– wait until fully cooled; smash plaster of paris and retreive your aluminium negatives of your original pattern object.
-Use these to make moulds for recycled plastic injection/compression moulding

Any thoughts? A bit long winded perhaps, but maybe more accessible for some than CNC-ing aluminium moulds…

Edit to note -the reason you need to build up the wax in layers is because if you cast a heavy block of wax it shrinks so much that you would lose the correct shape of the mould


Please note they used pressure instead of vacuum to get the result!

Also safer for the vacuum cleaner* indeed 🙂

*Or at least: the old ones can also can blow (I e.g. have a Kirby that can do both), otherwise an upcycled inflatable bed pump might give the same result (or a copressor, but we were talking low tech 😉 )


Some weights on the lid might be enough to keep the seal…


@donald I love the idea of using a vacuum to get rid of bubbles and get a uniform material. What about even more lo-fi, I’m thinking to form solid heavy cylindrical blanks for turning:
– Find saucepan with lid
– Cut hole in lid and fit some kind of pipe attachment
– Add some kind of rubber gasket around the edge of the lid to form a seal
– Melt plastic in oven, in the saucepan with the lid off
– Remove from oven and put lid on
– Attach vacuum cleaner to pipe connector on lid and suck.
– Hopefully don’t fill vacuum cleaner with molten plastic lava
– Cool and remove de-gassed plastic blank

What do you think? I’d like to give this a try


Those are all vallid questions and I honnestly have no idea (yet).

I think the flow could be a problem in the sillicone, as the plastic will be less fluent than the metal, but that would be a guess.

Is the heat resistant silicone stiff enough, even when contained, to not deform under injection pressure? Does it vent well?
I don’t think the low temperature metal casting challenges the silicone in these areas.

Anyone seen the white paper Form put out about this stuff? I saw the original modular mould post by  @xxxolivierxxx and thought it was the one I’d seen from Form > here

We already started testing this technique at Precious Plastic Lancaster . Our recent blog post on details that escapade which I’ll be uploading here …whenever I get the time! We’ve already been using acrylic inserts inside metal moulds which is a slight variation on what’s been done in the PP community for a while now. We then tested inserts to modify the moulds printed from recycled PET but the printed part quality varies a lot and we weren’t able to pull a final product out of it. I’m put feelers out to Lancaster University to see if we can get parts printed in High Temp resin on their Form 2 SLA which would be capable of withstanding PP moulding temperatures.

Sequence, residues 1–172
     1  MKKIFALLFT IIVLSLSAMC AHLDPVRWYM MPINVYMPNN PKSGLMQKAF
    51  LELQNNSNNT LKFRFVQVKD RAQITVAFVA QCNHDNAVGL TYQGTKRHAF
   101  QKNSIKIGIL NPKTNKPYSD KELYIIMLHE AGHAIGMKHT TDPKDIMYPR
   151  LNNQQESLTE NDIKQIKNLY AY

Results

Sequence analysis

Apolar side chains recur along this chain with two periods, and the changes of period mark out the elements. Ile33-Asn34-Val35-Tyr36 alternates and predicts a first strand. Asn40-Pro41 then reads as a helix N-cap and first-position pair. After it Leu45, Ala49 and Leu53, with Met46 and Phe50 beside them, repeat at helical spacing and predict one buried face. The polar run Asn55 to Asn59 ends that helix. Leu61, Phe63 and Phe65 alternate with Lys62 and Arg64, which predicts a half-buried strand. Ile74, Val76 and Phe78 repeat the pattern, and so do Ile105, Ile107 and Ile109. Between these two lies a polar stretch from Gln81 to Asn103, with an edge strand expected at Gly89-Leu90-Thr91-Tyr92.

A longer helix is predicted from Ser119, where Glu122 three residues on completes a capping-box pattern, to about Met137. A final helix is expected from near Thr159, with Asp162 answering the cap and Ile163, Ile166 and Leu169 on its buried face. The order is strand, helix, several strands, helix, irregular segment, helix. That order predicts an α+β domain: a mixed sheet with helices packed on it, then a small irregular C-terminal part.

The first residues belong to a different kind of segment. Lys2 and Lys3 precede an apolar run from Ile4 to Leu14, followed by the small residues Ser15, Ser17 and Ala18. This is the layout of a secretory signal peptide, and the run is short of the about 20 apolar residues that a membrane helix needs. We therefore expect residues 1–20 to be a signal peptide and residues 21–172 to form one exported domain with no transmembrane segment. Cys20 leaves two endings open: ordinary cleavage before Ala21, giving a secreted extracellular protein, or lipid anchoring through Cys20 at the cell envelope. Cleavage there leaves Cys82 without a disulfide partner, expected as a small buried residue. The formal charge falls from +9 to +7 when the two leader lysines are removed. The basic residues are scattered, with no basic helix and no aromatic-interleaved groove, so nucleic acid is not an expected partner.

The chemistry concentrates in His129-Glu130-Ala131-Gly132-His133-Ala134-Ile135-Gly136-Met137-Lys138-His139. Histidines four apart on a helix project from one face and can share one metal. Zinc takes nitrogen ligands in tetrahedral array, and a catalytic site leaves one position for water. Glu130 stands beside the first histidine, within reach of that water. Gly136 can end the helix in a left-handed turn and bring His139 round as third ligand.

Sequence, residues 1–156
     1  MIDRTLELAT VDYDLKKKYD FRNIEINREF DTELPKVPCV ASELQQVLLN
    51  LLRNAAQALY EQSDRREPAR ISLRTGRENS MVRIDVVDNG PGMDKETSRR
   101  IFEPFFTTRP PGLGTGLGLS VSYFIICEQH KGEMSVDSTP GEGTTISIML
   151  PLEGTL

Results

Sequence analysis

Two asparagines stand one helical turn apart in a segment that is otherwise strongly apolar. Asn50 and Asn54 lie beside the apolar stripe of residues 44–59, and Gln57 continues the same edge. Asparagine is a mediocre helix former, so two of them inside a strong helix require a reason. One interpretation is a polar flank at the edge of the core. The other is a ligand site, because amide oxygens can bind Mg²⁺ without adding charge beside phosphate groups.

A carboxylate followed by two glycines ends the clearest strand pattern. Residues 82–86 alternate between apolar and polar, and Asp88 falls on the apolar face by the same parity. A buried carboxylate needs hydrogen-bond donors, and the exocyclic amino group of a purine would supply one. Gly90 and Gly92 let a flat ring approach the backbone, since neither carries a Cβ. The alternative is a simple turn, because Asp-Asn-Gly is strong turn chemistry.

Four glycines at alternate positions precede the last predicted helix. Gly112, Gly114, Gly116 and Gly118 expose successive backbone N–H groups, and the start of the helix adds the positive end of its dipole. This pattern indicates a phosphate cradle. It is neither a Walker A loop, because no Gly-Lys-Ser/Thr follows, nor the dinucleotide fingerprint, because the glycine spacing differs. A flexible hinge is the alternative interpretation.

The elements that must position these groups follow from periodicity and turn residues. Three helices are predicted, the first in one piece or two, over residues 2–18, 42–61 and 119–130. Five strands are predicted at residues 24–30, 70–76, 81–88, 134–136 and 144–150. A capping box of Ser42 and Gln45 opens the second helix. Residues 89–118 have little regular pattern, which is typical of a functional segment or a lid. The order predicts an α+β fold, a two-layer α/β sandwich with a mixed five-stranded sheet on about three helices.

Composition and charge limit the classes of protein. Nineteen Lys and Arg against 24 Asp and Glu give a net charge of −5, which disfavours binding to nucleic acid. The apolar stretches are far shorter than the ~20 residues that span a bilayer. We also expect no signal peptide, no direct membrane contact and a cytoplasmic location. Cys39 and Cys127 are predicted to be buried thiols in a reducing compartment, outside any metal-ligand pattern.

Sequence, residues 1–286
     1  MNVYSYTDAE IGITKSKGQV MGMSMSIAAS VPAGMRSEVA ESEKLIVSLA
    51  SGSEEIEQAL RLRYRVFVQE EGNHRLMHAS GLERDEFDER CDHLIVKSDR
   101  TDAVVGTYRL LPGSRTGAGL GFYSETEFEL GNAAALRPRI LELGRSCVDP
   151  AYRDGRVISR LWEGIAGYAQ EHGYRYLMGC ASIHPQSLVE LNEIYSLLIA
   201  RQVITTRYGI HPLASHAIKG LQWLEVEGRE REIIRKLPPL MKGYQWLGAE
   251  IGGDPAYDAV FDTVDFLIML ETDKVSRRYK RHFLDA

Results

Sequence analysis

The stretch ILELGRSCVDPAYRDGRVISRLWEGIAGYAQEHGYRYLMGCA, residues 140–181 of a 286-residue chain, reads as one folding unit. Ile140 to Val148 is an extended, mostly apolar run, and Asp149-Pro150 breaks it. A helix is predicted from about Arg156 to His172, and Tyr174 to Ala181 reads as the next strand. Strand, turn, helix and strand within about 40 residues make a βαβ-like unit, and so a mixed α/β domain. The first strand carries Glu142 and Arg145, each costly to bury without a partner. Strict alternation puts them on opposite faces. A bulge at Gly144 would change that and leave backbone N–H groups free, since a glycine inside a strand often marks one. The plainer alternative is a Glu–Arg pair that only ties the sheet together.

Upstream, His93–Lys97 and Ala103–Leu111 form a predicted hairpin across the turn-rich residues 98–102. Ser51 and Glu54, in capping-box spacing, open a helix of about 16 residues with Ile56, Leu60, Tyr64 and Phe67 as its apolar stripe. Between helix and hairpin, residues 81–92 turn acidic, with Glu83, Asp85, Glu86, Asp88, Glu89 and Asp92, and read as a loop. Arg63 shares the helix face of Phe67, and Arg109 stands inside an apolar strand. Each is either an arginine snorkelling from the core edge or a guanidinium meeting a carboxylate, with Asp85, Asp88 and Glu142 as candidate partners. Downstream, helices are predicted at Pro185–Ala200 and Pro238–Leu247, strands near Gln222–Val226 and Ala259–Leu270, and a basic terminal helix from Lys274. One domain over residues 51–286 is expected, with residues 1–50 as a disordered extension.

The hope is to use plastic mould inserts to quickly prove out mould ideas / products at lower cost before investing in metal moulds. If we can effectively de-risk the testing of new products we can explore product ideas more quickly and find the winning ideas faster.

While doing some further research, I came across this video:


Replace the the bismuth-tin with your favorite molten plastic lava and you’re off to the races!


Should be possible to ‘hack’ a pressure cooker into a pressure vessel, maybe even leaving out the compressor and replacing it with a hand pump.

How low-tech can you go!

I guess it’s also a matter of what you have laying around when you start.

A new project seldomly starts without leftovers from an old one 😉


I think I found the topic you refered to:

Injection Molding Tests


Seems to be part of the bigger topic:

Mould Design Community, what if…???


All very, very interesting stuff…

The most common option for this type of moulds, is to use heat resistant silicone or Epoxy, waaaaaaaay better than plaster.



Those look like some great modular moulds to have in the Bazar.

CNC is not up and running yet, but I’ll try to get a ‘flipped’ version working (two identical halves making one mould).

Plaster might not be the best filling, but it does open up a lot more options for moulding.